ISLAMABAD: It is indeed a great honour and pleasure for a writer when his or her work is analysed and evaluated by another writer. This was said by Dr Ehsan Akbar, an acclaimed writer and recipient of Pride of Performance Award, on Thursday. Pakistan Academy of Letters (PAL) organised a literary sitting with him, where writers, readers and literary experts gathered to hear about the writer and interact with him.
He narrated stories from his childhood and youth and spoke about his inspirations and influences as a writer. “I moved here from Bhopal and was initially located in a small town Noshera near Gujrat. My father and grandfather stayed back while me and my brother came with our uncles and we faced several difficulties. However, it was amid challenges and difficulties that I got attracted to literature. The small town where we located to, had libraries where reading was a general trend and that is how I developed a fondness for reading and literature,” he said.
Speaking about his interests, the writer mentioned that at a certain point in life, he was really fond of Lata’s music and that also influenced his work. The first time he got inspired to write was when he heard ‘Mirza Saheban,’ he mentioned while speaking about his influences. “Mirza Saheban ignited a sudden passion in me to write and then onwards I started writing prose and poetry,” he added.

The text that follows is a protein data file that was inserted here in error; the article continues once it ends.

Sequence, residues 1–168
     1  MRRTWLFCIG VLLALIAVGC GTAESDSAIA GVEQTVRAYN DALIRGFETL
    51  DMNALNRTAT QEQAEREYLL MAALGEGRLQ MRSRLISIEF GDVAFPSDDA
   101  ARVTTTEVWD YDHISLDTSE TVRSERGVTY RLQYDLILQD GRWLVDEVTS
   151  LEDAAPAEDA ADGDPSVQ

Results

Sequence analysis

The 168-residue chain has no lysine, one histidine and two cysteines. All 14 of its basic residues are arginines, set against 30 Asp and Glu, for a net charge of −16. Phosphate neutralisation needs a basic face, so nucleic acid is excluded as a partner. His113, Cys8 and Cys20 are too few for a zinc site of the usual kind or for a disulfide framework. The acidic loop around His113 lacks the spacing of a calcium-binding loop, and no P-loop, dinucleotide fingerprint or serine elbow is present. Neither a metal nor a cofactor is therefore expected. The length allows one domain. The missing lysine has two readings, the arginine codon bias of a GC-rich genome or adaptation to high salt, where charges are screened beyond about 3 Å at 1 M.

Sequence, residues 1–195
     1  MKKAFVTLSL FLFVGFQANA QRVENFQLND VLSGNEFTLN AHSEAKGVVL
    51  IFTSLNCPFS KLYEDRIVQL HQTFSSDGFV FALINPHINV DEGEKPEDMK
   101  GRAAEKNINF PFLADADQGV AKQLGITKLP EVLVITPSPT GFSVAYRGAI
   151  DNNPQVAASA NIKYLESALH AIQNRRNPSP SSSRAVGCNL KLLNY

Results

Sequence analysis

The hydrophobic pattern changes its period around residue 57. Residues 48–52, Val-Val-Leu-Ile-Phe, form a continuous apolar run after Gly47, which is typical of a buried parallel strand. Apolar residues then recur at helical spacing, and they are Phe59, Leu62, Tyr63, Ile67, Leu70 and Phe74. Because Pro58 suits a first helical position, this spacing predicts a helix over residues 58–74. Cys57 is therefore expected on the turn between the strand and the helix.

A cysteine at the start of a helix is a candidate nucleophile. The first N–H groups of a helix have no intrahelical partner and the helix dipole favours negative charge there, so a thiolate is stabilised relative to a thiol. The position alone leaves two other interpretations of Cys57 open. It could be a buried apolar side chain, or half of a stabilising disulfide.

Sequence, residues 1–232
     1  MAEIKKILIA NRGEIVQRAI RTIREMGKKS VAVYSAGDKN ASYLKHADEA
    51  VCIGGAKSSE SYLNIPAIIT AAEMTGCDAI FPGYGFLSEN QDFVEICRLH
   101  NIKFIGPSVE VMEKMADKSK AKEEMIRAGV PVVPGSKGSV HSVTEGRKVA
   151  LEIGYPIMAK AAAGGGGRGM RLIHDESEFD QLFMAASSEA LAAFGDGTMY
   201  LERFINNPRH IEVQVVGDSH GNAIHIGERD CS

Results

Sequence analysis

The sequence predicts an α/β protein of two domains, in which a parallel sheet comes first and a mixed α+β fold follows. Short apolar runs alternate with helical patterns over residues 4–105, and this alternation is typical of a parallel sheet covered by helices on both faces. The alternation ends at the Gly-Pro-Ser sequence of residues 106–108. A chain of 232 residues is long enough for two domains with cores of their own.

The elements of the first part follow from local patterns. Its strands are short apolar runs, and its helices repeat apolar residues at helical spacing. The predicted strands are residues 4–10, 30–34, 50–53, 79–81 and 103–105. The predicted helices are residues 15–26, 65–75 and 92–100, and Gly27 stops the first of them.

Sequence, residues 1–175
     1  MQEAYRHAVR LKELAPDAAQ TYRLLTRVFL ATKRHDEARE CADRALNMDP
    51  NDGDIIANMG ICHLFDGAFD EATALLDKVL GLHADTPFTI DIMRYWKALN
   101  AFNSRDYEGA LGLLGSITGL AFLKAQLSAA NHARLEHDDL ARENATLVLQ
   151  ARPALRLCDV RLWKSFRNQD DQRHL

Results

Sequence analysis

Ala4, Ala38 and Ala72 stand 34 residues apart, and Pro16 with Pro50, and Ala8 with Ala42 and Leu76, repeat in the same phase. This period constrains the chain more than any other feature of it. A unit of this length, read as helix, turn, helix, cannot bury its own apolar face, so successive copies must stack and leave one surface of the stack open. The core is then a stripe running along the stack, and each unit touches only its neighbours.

Dr Akbar also remembered Allama Iqbal and said that his work has been inspired and influenced by Iqbal too. “I read Iqbal’s work while I was in Chakwal, working as a lecturer,” he added. He further said that as a writer, he felt very deeply about the Kashmir issue and that it has impacted his writing.
PAL Chairman Dr Muhammad Qasim Bhugio told The Express Tribune that the academy has launched a small café at one of its corner, which welcomes people from all walks of life to come with their friends and colleagues and enjoy a cup of tea. “Restaurants have become so expensive that we thought it was integral to have a place where people can come in to have conversations and discussions without spending a fortune. A cup of tea here costs a mere Rs25,” he said.
He further said that he encourages people to come and use the library, read books and continue the legacy of Pakistani literature. He encouraged people to come and use the place as a public area for meaningful discourse.
“Such sessions with literary experts and writers are not just a great way to honour their efforts but a very inspiring session for junior writers, who gain knowledge and inspiration from them,” said Farah Deeba.
The session was attended by literary experts including Jaleel Ali, Hassan Abbas Raza, Hameed Shahid, Masood Mufti and Deeba.
Published in The Express Tribune, October 23rd, 2015.
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